Imagine you own a fruit stand. Okay? Well also imagine that due to your immensely busy schedule, you don’t have time to tally up the fruit sold at the end of the day, so you hired someone to do it for you. The only problem is that this person has a really hard time telling apart apples and oranges and counts them all as the same thing. What would you do in this scenario? Would you rely on his guesses, or would you hire someone who actually knows the difference?
Now imagine that instead of fruit, we are talking about dimensions of emotional response. The apples represent emotional valence, attractiveness vs. aversiveness, which is on a continuum of positive to negative. The oranges represent motivation and willingness to engage, ranging from approach to avoid. These are two very different concepts, each needing its own unique means of measurement. We don’t want to compare apples to oranges.
There are people out there practicing neuromarketing who use EEG, or electroencephalography, to measure these things. Their method rests on the idea that asymmetry between the left and right frontal cortexes can represent both emotional valence and approach/avoid. Increased activity in the left hemisphere can be interpreted as positive valence and approach. Increased activity in the right is taken as negative valence and avoid.1 But what about the emotional states that are more complex, like anger? Anger is an emotion associated with negative valence, yet increased approach motivation. In the case of anger, the EEG shows increased left hemisphere activity, yet we know the negative valence should show activity in the right. Therefore the only useful thing we can pull from the EEG is approach/avoid motivation. It is the only piece of information we can safely assume to be correct when looking at two variables along a single dimension. EEG is our not-so-bright employee.
So, what we need to do is to hire a new employee who thinks in more than one dimension. Here at HCD research, we use EMG (electromyography) to look at emotional valence independent of approach/avoid, which can be measured via heart rate. On top of that, we throw bananas into the mix and add on galvanic skin response as a third dimension, indicating arousal. With a clear picture of what each one of our psychophysiological methods measures specifically, we can generate a detailed and insightful map of complex human emotions.
Human beings are complicated creatures. One of the gravest mistakes that we can make in neuroscience is the oversimplification of very complicated processes. Granted, I just used fruit to explain how emotions work, but this is just a means to scratch the surface of a monumental problem. Even if we were to understand completely how the human brain works, there are still individual differences that further confuse things. (For example, each person has their own unique frontal asymmetry corresponding to their general emotionality.)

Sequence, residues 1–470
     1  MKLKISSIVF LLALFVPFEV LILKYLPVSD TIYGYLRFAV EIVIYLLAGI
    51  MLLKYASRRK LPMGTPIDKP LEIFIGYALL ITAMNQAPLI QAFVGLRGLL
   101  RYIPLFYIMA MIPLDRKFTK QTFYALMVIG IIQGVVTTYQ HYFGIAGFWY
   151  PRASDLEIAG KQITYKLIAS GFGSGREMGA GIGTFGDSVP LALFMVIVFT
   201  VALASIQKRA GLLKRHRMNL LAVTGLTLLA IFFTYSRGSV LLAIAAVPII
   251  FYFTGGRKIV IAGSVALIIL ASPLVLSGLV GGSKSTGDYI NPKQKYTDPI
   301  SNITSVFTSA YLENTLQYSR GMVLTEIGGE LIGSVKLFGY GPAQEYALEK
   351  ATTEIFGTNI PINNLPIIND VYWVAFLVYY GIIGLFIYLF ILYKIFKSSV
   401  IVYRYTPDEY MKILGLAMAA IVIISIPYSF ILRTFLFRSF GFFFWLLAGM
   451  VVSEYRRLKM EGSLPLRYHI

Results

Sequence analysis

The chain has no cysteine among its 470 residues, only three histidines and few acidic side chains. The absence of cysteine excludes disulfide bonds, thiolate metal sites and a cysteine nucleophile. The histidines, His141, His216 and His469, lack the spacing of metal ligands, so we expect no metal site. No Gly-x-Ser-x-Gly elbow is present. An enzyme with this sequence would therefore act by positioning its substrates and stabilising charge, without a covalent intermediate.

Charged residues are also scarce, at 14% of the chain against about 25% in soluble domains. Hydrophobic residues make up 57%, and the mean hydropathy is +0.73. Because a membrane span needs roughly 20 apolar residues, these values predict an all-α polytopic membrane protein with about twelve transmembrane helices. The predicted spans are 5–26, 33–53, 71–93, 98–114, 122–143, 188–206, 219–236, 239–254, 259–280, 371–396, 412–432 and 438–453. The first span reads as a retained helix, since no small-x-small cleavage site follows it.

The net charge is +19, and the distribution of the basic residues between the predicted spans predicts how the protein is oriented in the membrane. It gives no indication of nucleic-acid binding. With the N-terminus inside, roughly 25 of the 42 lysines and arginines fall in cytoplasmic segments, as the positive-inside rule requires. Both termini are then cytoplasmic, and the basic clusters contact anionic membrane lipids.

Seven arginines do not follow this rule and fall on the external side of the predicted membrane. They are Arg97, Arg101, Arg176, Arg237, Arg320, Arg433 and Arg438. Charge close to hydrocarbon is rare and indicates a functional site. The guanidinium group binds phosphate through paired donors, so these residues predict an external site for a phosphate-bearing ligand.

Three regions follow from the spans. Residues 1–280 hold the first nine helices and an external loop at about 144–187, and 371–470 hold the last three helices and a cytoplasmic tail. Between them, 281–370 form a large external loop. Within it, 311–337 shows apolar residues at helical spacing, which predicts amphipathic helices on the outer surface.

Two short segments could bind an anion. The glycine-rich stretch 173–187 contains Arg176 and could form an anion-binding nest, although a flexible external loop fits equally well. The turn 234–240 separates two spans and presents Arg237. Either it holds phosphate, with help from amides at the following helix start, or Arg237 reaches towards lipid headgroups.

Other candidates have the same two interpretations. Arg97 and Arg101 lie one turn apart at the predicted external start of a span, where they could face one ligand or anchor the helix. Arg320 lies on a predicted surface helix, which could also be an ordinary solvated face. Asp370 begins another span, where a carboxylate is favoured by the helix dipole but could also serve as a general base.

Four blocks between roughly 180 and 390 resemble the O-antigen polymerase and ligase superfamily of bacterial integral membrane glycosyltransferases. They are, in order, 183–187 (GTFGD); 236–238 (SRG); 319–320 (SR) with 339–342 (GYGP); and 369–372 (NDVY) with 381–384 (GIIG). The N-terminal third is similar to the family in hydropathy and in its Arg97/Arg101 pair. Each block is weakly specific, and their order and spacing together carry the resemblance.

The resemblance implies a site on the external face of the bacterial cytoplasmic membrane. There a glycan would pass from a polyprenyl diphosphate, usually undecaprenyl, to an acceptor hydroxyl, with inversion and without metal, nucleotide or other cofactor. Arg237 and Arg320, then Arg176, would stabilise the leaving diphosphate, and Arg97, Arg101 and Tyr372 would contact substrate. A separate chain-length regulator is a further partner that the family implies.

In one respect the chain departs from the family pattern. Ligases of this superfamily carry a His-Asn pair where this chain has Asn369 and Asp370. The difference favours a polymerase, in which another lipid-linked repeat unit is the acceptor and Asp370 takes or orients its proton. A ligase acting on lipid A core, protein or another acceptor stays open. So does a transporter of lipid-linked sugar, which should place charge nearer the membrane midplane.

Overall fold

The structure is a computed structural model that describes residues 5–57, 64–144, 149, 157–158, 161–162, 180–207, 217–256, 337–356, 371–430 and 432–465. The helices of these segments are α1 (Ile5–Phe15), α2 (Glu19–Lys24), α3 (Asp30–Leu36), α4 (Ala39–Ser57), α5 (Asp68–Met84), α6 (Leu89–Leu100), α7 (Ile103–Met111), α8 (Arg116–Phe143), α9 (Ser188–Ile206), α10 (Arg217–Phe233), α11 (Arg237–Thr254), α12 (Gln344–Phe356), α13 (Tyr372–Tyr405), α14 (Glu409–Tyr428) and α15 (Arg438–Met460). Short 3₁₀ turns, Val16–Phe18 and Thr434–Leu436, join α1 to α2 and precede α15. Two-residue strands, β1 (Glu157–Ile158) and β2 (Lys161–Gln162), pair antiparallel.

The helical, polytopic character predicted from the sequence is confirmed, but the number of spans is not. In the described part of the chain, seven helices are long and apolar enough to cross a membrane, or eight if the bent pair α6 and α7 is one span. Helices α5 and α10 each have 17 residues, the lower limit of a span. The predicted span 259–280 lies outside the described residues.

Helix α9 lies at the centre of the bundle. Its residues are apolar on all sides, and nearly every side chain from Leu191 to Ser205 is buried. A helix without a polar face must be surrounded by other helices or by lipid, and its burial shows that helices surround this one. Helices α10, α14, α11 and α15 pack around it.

The best approach is to start from the ground up, building a foundation in sound research. Taking shortcuts to offer clients more impressive information results in oversight of conflating factors and overgeneralization of intricate details. Though EEG may be flashy and hi-tech, it is ultimately unreliable, ill-suited, and basically unnecessary for our goals in understanding emotion. There still is much we can discover using alternate means of obtaining biometric information.
This is not to say that EEG is downright terrible and should never be used for anything. There are many clinical applications for EEG, which include: finding out whether or not a paitent has had a seizure, testing for brain death, and in some cases, giving a prognosis for patients in comas. In psychophysiology, frontal asymmetry can be used to indicate depression in an individual.2 But in a neuromarketing setting, the only practical use of EEG is to measure approach/avoid motivation, and measuring heart rate is an easier method of doing the same thing. At HCD Research, we choose the appropriate method based on the type of research being done. We are not a technology company selling gadgets; we are a customized market research company.
[HCD Research’s methods of obtaining information about emotion.]
[An example of HCD’s capabilities in mapping emotion. Test samples reflect data recorded from actual participants. Benchmarks represent real data values that correspond to conceptual emotions (Happy, Glad, Etc.)]
1Coan, James A. and Allen, John J. B. “The State and Trait Nature of Frontal EEG Asymmetry in Emotion.” The Asymmetrical Brain. Ed. Kenneth Hugdahl, Ed. Richard J. Davidson. Cambridge: MIT, 2003. 565-615. Print. 2Gotlib, Ian H., Ranganath, Charan, and Rosenfeld, J. Peter. “Frontal EEG Alpha Asymmetry, Depression, and Cognitive Functioning.” Cognition and Emotion 12.3 (1998): 449-478. Print.